Friday, March 21, 2003

Great article in the latest austinmama.com about the way that comparisons between formula and breastfeeding treat formula, rather than breastfeeding, as the biological norm (in other words, they say "breastfeeding improves your child's health", rather than assuming that breastfeeding is the norm and formula feeding has health risks) - Subtle Truths About Breastfeeding.

I'm not a conspiracy theorist, but it's difficult not to connect the way formula is marketed in this country with the much lower rates of breastfeeding as compared to other industrialized nations. The World Health Organization's Code would eliminate all mainstream commercial advertising of formula, as well as promotional give aways through pediatricians and hospitals, but it is not enforced in the U.S. in any meaningful way. Formula commercials air frequently during daytime tv, and most parenting magazines are chock full of formula ads. If you've ever had a baby, you know that starting in your second trimester (or earlier), you get coupons and mailings from formula companies, as well as free samples. These mailings continue into your baby's first year, carefully timed to coordinate with your child's developmental stage. Many pediatricians also give out samples, and it's extremely common for hospitals to give new mothers diaper
bags filled with samples as well.

All of this material pays lipservice to the idea that "breast is best," but then contradicts it by saying that formula is just as good as breastmilk and by subtly (or not so subtly) suggesting that breastfeeding is hard. Which it is for some women, especially at first, and especially if they don't have a network of resources to help them solve those early problems. And isn't it convenient that the nice formula company just happened to send you a case of formula? So it's 3 am and you can't get the baby latched on and your breasts are swollen larger than your head and your nipples are sore, and look, you just happen to have formula and bottles (included in that handy diaper bag from the hospital) in the pantry, and wouldn't it be easier to give the baby a bottle just this once? Except the nice formula company neglected to mention that the more formula you give your baby, the more engorged and uncomfortable you're going to be, and the less milk your body will make, leading you to supplement with more formula, and possibly to weaning your baby.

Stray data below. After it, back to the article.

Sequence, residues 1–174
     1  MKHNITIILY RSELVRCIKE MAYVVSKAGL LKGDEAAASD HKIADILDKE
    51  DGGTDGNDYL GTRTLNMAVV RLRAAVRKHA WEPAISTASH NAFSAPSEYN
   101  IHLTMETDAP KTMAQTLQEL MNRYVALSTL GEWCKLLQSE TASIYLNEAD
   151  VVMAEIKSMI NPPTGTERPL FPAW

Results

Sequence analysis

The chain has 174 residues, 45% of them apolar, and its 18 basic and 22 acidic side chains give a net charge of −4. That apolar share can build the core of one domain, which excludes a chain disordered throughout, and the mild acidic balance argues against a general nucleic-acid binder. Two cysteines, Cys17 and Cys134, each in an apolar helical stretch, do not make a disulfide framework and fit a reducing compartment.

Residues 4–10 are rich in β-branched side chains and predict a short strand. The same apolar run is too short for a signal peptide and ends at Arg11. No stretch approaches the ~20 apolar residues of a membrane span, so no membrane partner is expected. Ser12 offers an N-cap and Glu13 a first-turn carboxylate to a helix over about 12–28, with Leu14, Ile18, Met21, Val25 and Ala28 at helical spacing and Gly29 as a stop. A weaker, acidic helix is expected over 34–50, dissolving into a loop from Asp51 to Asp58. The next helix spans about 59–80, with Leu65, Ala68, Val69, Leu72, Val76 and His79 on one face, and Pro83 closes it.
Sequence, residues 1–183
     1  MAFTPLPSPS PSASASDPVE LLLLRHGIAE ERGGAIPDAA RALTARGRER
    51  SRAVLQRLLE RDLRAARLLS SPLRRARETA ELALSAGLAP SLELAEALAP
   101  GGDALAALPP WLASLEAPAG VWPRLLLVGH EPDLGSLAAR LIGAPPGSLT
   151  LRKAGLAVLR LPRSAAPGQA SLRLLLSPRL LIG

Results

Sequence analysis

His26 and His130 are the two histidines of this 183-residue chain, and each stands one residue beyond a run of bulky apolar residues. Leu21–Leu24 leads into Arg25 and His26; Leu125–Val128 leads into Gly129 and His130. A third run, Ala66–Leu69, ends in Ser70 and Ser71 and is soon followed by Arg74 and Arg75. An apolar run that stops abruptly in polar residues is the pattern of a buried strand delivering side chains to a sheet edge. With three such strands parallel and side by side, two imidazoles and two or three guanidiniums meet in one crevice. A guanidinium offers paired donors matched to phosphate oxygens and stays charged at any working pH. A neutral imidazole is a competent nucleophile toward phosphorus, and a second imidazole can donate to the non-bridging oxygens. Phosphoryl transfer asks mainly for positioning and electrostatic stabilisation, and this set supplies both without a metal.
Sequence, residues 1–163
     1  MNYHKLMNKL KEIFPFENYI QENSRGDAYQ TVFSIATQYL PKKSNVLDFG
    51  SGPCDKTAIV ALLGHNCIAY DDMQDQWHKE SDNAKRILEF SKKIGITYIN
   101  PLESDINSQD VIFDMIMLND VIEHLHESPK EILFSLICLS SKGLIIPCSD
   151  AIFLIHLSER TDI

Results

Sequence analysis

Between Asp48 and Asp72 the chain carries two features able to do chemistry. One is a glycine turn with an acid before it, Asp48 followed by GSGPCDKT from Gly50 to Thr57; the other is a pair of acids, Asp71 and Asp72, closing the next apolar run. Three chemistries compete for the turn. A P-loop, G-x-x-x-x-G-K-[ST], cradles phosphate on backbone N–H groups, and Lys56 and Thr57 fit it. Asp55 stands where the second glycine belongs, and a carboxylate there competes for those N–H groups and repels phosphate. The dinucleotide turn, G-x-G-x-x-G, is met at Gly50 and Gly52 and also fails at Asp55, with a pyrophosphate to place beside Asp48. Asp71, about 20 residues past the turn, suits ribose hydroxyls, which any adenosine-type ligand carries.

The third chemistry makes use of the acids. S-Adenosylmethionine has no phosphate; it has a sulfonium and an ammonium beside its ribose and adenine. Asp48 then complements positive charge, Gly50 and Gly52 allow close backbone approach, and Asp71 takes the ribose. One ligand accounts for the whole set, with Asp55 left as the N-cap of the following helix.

There are absolutely instances where formula is necessary, and I certainly don't mean to denigrate women who, for whatever reason, were unable to breastfeed their children. However, I think it's shortsighted to downplay the benefits of breastfeeding or the very mercenary motivations of formula companies in order to spare those women's feelings. The simple truth is that most of the parents in this country who choose to feed their babies formula could breastfeed if they were motivated to do so and had adequate support and information.

More good information on breastfeeding vs. formula feeding, from the marvelous Katie Allison Granju. For practical breastfeeding advice, I also recommend the book So That's What They're For: Breastfeeding Basics by Janet Tamaro - it's incredibly informative without being preachy or guilt inducing.

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